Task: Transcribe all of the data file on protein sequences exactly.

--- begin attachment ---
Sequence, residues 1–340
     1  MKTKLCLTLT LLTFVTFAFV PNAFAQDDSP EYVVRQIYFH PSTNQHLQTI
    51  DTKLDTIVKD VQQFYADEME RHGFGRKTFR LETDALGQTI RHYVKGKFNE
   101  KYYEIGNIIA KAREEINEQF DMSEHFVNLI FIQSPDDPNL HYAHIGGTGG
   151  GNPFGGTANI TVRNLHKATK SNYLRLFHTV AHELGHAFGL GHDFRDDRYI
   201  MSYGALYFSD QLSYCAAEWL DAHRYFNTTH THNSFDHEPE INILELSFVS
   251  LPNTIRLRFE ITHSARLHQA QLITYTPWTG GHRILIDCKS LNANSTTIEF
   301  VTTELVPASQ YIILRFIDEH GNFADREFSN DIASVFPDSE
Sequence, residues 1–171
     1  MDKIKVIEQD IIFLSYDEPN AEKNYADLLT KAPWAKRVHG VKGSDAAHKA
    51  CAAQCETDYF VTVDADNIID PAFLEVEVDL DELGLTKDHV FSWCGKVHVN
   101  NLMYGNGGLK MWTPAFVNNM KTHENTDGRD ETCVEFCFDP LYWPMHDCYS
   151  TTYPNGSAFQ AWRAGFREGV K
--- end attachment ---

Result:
Sequence, residues 1–340
     1  MKTKLCLTLT LLTFVTFAFV PNAFAQDDSP EYVVRQIYFH PSTNQHLQTI
    51  DTKLDTIVKD VQQFYADEME RHGFGRKTFR LETDALGQTI RHYVKGKFNE
   101  KYYEIGNIIA KAREEINEQF DMSEHFVNLI FIQSPDDPNL HYAHIGGTGG
   151  GNPFGGTANI TVRNLHKATK SNYLRLFHTV AHELGHAFGL GHDFRDDRYI
   201  MSYGALYFSD QLSYCAAEWL DAHRYFNTTH THNSFDHEPE INILELSFVS
   251  LPNTIRLRFE ITHSARLHQA QLITYTPWTG GHRILIDCKS LNANSTTIEF
   301  VTTELVPASQ YIILRFIDEH GNFADREFSN DIASVFPDSE
Sequence, residues 1–171
     1  MDKIKVIEQD IIFLSYDEPN AEKNYADLLT KAPWAKRVHG VKGSDAAHKA
    51  CAAQCETDYF VTVDADNIID PAFLEVEVDL DELGLTKDHV FSWCGKVHVN
   101  NLMYGNGGLK MWTPAFVNNM KTHENTDGRD ETCVEFCFDP LYWPMHDCYS
   151  TTYPNGSAFQ AWRAGFREGV K